Central America Volcanic Arc

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Map of the Central America volcanic arc, with captions showing the location of several volcanoes - in the Mexico/Guatemala border: Tacaná; in Guatemala: Tajumulco, Santa Maria, Chicabal, Tolimán, Atitlán, Volcán de Fuego, Volcán de Agua, Pacaya, Chingo; in El Salvador: Apaneca Range, Chinchontepec or San Vicente, Chaparrastique or San Miguel, Chinameca and Conchagua; in Nicaragua: Cosiguina, Telica, Cerro Negro, Momotombo, Chiltepe, Mombacho and Concepción; in Costa Rica: Orosí, Rincón de la Vieja, Miravalles, Arenal, Barva, Turrialba and Irazú; in Panama: Barú and La Yeguada.
graphical representation of a subduction zone
Volcanic front of the Sierra Madre.

The Central America Volcanic Arc (often abbreviated to CAVA) is a chain of volcanoes which extends parallel to the Pacific coast line of the Central American Isthmus, from Guatemala, El Salvador, Honduras, Nicaragua, Costa Rica, and down to northern Panama. This volcanic arc, which has a length of 1,500 kilometres (930 mi),[1][2] is formed by an active subduction zone along the western boundary of the Caribbean Plate.

The Central America Volcanic Arc includes hundreds of volcanic formations, ranging from major stratovolcanoes, to lava domes and cinder cones. Some of these have produced large explosive eruptions, like the colossal VEI 6 eruption of the Santa Maria volcano in 1902. Central America's highest volcanoes are found in Guatemala and include the Tajumulco and Volcán Tacaná, both above 4,000 meters. Several volcanoes in Central America are currently active, including Arenal, Turrialba, Irazú, Poás in Costa Rica; Cerro Negro, San Cristóbal, Concepción in Nicaragua; Chaparrastique or San Miguel, Ilamatepec or Santa Ana, Izalco in El Salvador; Santa Maria/Santiaguito, Pacaya, Fuego in Guatemala.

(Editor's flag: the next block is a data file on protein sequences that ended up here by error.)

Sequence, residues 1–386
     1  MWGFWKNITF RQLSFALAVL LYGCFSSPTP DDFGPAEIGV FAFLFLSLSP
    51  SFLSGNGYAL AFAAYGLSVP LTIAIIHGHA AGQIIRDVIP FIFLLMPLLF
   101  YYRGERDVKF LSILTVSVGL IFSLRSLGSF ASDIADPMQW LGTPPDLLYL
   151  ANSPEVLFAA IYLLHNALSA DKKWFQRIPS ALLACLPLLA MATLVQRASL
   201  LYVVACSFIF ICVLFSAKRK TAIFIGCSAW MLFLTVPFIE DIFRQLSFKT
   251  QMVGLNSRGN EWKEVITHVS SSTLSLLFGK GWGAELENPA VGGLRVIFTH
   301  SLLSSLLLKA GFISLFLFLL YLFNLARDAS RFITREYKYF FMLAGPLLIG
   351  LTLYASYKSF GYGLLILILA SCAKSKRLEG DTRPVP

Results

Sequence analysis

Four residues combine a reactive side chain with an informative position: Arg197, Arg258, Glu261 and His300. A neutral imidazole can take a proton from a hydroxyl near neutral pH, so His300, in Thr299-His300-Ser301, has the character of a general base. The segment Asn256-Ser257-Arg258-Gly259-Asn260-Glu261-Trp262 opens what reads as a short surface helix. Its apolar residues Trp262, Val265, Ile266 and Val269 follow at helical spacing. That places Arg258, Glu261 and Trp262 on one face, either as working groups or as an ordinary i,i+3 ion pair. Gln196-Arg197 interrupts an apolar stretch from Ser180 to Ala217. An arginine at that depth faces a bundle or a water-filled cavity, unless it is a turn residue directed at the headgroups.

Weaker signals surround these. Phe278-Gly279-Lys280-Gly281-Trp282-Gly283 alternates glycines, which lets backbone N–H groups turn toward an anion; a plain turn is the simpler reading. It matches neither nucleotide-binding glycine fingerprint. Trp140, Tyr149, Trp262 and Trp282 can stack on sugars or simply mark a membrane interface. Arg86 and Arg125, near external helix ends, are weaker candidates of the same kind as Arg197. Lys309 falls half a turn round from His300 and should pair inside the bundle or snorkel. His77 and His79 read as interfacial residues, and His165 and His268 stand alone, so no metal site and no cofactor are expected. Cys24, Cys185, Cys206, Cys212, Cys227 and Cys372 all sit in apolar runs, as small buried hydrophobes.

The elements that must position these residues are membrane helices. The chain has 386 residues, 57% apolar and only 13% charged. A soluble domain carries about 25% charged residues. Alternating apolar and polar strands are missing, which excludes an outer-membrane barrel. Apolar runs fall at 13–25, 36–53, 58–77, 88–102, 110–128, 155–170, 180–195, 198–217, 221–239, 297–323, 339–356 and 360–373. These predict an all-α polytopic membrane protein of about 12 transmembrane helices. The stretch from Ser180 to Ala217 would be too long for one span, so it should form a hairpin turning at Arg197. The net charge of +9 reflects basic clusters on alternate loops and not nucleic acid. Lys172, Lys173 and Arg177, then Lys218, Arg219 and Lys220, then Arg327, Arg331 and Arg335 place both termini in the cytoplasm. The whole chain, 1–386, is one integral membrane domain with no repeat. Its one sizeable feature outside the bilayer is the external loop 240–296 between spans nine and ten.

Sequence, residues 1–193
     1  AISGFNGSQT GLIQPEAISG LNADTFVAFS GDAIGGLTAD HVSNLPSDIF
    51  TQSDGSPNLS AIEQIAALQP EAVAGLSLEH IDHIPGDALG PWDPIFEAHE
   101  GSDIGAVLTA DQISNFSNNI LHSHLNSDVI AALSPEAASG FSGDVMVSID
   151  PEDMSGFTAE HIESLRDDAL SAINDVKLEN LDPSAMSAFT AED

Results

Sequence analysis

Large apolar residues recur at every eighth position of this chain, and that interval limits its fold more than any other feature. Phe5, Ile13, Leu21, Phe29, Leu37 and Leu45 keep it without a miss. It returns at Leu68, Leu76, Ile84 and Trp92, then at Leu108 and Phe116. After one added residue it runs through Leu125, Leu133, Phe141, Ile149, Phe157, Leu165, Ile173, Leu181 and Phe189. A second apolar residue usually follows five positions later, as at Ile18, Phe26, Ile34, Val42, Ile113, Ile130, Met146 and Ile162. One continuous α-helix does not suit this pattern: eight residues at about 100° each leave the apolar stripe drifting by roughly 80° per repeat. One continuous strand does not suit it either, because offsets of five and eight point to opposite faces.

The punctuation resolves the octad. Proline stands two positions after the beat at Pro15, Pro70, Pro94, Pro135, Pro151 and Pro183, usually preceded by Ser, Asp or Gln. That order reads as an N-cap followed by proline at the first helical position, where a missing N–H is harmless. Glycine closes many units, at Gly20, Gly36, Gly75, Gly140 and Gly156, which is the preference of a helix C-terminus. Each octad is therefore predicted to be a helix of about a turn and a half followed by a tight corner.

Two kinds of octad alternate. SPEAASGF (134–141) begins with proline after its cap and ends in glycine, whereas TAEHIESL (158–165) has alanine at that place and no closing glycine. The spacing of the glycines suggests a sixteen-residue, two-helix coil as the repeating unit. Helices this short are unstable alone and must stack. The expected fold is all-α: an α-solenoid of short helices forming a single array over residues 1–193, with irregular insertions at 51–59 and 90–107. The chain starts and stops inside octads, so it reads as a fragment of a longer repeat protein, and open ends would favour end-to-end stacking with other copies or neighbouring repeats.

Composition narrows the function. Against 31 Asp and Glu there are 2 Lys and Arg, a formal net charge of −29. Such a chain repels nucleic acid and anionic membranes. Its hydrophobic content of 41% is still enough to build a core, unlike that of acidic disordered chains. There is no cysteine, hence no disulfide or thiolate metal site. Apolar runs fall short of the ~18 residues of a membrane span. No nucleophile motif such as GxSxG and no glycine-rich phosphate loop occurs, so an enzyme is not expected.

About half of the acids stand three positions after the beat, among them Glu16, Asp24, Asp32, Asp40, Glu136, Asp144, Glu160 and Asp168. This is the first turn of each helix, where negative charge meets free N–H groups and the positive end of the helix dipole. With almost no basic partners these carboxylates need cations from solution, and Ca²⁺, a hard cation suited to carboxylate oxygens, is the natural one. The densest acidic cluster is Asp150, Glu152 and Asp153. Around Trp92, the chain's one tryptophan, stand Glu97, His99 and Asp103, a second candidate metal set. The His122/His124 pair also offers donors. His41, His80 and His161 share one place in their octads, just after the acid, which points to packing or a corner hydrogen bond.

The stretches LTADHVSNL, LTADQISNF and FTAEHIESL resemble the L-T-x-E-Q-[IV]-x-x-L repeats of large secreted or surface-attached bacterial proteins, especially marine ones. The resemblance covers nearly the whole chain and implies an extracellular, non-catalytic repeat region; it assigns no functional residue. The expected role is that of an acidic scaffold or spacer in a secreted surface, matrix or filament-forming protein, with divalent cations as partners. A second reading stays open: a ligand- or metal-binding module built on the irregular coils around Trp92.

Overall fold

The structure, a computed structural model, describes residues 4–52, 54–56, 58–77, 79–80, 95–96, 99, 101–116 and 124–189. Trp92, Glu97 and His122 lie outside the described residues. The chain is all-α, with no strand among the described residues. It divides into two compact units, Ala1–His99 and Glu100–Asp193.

Notes[edit]

  1. ^ García, 2007: 13
  2. ^ Rose et al. (1999:2) mention an arc length of 1,100 km.

References[edit]

Alvarez-Gómez, José A.; Paul T. Meijer; José J. Martinaz; Ramón Capote (2008). "Constraints from finite element modelling on the active tectonics of northern Central America and the Middle America Trench" (pdf). Tectonics (American Geophysical Union) 27 (1008): TC1008. Bibcode:2008Tecto..27.1008A. doi:10.1029/2007TC002162. Retrieved 2008-08-04. 
García Quintero, Janett Josefina (2007). Geometría, sismicidad y deformación de la placa de Cosos subducida (tesis) (pdf) (in Spanish). Mexico, D.F.: Centro de Geociencias, UNAM. 
Mann, Paul; Robert D. Rogers; Lisa Gahagan (2007). "Overview of plate tectonic history and its unresolved tectonic problems" (pdf). In Bundschuh, Jochen & Guillermo E. Alvarado (Eds). Central America: Geology, Resources and Hazards. Taylor & Francis. pp. 205–241. ISBN 978-0-415-41647-4. 
Melían, G., I. Galindo, P. A. Hernández, N. M. Pérez, M. Fernández, G. Alvarado, W. Strauch, F. Barahona, D. López (9-2-2005). "Subduction process and diffuse CO2 degassing rates along Central America volcanic arc". Geophysical Research Abstracts (European Geosciences Union) 7. ISSN 1607-7962. 
Rose, W.I.; F.M. Conway, C.R. Pullinger, A. Deino, W.C. McIntosh (1999). "An improved age framework for late Quaternary silicic eruptions in northern Central America" (pdf). Bull Volcanol (Springer-Verlag) 61 (61): 106–120. Bibcode:1999BVol...61..106R. doi:10.1007/s004450050266. Retrieved 2010-08-15. 

Coordinates: 10°26′31″N 84°41′17″W / 10.44194°N 84.68806°W / 10.44194; -84.68806